Tom Berry is close to achieving his dream of buying a little cabin out in the Canadian wilderness where he can live off the land, hunting and foraging for much of what he needs. He runs a small forestry business, and thinks that another season, two at the most, will be enough to enable him to sell the business and fund his dream.
A single parent; he has been forced to raise his children, Curtis and Erin, alone, after their mother walked out when they were young. He has approached parenting in the same practical manner with which he tackles all others aspects of his life. And now they are adults, he feels that he has done well by them. That is, until Curtis is involved in a tragic accident, and goes on the run, not knowing where to turn…
The main theme running throughout The Mountain Can Wait is that of the sometimes difficult relationship between a parent and child, and the misunderstandings that may occur.
that was Tom Berry all over; practical, emotionless, maybe even a little bit ruthless.
Tom comes across as being an extremely practical, competent individual who wasn’t entirely prepared for fatherhood, and certainly didn’t expect to have to raise his children alone. Curtis finds it extremely difficult to connect with his father, who he sees as cold and unapproachable. He believes himself to be a burden, standing between Tom and the life he dreams of, and that he can’t live up to Tom’s expectations – that Tom is disappointed in him.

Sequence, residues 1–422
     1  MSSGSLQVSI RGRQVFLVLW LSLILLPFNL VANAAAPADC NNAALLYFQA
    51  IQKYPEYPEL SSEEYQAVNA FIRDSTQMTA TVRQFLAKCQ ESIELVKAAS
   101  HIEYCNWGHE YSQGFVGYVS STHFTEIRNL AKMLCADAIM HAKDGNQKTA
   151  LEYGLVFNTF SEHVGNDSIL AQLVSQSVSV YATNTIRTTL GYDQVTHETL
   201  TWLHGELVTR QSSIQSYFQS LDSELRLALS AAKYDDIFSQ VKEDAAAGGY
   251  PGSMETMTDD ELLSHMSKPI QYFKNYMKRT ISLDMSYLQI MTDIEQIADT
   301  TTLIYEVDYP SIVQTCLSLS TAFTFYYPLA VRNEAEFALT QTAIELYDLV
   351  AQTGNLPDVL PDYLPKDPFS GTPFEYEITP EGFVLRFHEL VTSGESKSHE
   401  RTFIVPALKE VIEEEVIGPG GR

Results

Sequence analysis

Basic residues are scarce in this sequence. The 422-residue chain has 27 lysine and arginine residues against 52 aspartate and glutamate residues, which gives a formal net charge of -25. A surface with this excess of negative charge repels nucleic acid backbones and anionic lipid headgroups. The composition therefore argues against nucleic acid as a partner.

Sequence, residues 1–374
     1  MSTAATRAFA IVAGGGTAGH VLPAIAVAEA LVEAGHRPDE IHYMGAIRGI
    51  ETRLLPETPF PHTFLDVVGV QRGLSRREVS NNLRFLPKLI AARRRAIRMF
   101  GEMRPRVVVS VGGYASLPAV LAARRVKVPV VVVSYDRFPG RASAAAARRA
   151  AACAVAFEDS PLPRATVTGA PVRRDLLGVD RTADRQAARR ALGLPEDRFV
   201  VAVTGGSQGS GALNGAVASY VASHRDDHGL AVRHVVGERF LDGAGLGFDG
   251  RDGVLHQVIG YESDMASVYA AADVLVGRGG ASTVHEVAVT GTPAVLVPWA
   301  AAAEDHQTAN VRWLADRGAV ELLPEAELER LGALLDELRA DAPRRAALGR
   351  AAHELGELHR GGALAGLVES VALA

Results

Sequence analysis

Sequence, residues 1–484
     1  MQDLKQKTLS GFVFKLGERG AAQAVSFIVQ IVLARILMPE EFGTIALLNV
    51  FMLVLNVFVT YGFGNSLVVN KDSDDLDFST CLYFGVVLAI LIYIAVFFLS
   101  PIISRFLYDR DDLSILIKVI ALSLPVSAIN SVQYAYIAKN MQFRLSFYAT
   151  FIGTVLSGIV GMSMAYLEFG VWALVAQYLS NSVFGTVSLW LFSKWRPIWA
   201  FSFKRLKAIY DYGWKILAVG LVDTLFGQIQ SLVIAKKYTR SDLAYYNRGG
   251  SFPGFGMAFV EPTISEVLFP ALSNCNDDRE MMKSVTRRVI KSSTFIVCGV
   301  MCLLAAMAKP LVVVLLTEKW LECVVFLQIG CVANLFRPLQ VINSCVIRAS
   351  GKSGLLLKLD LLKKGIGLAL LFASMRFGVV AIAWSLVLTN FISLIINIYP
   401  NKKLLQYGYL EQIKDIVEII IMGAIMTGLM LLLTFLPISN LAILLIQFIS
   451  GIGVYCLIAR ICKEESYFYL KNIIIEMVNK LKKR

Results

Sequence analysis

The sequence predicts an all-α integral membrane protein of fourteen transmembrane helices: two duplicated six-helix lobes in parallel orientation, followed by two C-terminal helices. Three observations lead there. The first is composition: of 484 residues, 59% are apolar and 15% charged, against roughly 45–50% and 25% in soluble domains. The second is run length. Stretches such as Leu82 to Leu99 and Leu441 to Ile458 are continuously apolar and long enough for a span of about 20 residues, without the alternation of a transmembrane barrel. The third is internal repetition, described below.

He wasn’t in the habit of holding his children.
Tom is quite reserved, and is not someone who is prone to outward displays of affection. Whilst Curtis sees this as a lack of feeling, the reader sense that it’s more that he doesn’t know how to show his feelings. And he does care – however unexpected Tom’s life has turned out to be, tom has done what he could for his two children, and with Curtis in trouble, he makes it his priority to seek him out, determined to help him. It seems that for Tom, the mountain can wait.
I read The Mountain Can Wait over the course of a single day. Set against a stunning backdrop of Western Canadian wilderness, this is a short yet incredibly poignant story. This isn’t a novel with lots of action – after the opening chapter in which Curtis’s accident occurs, nothing much happens at all. Yet within this relatively simple set-up, Leipciger delivers an evocative tale about human fragility and the importance of family.
The Mountain Can Wait will be published in paperback on 10 March – many thanks to Elizabeth Masters and Tinder Press for the review copy.